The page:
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aging memory decline

Diet affects age-related memory decline

Can Godiva be the next big anti-aging brand?

Chocolate may help keep your brain sharp, according to a new study. And though eating more chocolate is probably not a good idea, the fact that diet affects memory function is really significant.

As people age there’s often some cognitive and memory decline. There’s usually minimal effect on life until people are in their 50s or 60s. This decline is different from Alzheimer’s disease where neurons and memory pathways are destroyed. Published in Nature Neuroscience, the study showed that changes in the dentate gyrus (green) are associated with normal age-related memory decline, and that adding cocoa flavanols to the diet of healthy older adults reversed this. These memory changes are different and distinct from early-stage Alzheimer’s disease changes which show up in the entorhinal cortex (purple), the hippocampal (yellow) region.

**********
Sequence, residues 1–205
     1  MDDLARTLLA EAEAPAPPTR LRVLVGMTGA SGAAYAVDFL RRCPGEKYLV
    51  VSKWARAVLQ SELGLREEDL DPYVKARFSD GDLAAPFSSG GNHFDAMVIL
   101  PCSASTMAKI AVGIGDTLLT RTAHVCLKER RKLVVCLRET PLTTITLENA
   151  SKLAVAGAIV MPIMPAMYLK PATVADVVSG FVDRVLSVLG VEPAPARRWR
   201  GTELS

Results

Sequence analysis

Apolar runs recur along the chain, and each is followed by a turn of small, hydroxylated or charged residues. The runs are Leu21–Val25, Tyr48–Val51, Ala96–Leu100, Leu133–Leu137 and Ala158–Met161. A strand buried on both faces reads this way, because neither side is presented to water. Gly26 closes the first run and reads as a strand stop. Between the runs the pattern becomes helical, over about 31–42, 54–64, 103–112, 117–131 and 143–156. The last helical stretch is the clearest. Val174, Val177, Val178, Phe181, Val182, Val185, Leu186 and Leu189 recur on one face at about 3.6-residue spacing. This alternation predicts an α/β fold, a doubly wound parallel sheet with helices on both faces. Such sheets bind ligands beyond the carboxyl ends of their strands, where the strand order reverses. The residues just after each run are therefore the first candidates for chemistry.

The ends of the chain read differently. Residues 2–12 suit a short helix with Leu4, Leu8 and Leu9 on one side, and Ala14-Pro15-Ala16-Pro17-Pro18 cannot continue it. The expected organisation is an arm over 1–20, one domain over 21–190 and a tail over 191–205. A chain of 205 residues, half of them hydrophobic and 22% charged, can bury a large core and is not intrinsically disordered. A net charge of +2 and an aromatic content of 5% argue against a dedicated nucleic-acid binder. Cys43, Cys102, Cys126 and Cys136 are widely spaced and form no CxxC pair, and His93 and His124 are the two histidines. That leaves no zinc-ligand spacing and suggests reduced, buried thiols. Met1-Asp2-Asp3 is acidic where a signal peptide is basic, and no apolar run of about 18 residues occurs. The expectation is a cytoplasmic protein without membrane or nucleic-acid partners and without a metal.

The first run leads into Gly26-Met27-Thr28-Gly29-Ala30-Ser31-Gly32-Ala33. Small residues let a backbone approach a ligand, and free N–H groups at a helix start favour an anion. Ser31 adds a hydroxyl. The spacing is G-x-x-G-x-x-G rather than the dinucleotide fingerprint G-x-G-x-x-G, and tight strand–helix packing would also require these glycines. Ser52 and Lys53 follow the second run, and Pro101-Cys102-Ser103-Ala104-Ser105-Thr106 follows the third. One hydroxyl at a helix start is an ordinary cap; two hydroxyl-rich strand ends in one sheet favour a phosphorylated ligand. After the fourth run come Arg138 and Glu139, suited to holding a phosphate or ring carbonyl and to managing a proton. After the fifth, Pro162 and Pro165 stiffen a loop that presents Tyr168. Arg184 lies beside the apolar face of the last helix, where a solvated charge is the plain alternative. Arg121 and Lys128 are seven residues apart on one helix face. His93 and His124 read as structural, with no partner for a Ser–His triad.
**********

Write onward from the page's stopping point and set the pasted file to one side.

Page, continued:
This study is significant because it provides the first direct evidence that a component of age-related memory decline in humans is caused by changes in a specific region of the brain, AND that memory decline can be improved by a dietary intervention, flavanols, which natural occur in cocoa, tea leaves and some fruits and vegetables.

Unfortunately, you’d have to eat way too much Godiva for this to help keep you sharp.

Brickman, A. M., Khan, U. A., Provenzano, F. A., Yeung, L. K., Suzuki, W., Schroeter, H., Small, S. A. (2014). Enhancing dentate gyrus function with dietary flavanols improves cognition in older adults. Nature Neuroscience. Retrieved from


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